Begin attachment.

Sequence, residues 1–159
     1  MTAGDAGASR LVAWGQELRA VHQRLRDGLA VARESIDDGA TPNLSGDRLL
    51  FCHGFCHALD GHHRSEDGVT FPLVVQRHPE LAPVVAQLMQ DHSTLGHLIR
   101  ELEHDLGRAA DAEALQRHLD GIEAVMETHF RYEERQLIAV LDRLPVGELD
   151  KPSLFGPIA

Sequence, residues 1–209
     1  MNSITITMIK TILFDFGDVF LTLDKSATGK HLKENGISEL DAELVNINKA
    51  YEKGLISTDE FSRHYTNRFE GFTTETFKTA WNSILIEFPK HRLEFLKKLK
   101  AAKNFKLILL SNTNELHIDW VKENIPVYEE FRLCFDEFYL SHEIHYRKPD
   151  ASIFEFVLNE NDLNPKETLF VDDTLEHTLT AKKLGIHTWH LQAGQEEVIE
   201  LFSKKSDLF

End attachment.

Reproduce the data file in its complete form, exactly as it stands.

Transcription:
Sequence, residues 1–159
     1  MTAGDAGASR LVAWGQELRA VHQRLRDGLA VARESIDDGA TPNLSGDRLL
    51  FCHGFCHALD GHHRSEDGVT FPLVVQRHPE LAPVVAQLMQ DHSTLGHLIR
   101  ELEHDLGRAA DAEALQRHLD GIEAVMETHF RYEERQLIAV LDRLPVGELD
   151  KPSLFGPIA

Sequence, residues 1–209
     1  MNSITITMIK TILFDFGDVF LTLDKSATGK HLKENGISEL DAELVNINKA
    51  YEKGLISTDE FSRHYTNRFE GFTTETFKTA WNSILIEFPK HRLEFLKKLK
   101  AAKNFKLILL SNTNELHIDW VKENIPVYEE FRLCFDEFYL SHEIHYRKPD
   151  ASIFEFVLNE NDLNPKETLF VDDTLEHTLT AKKLGIHTWH LQAGQEEVIE
   201  LFSKKSDLF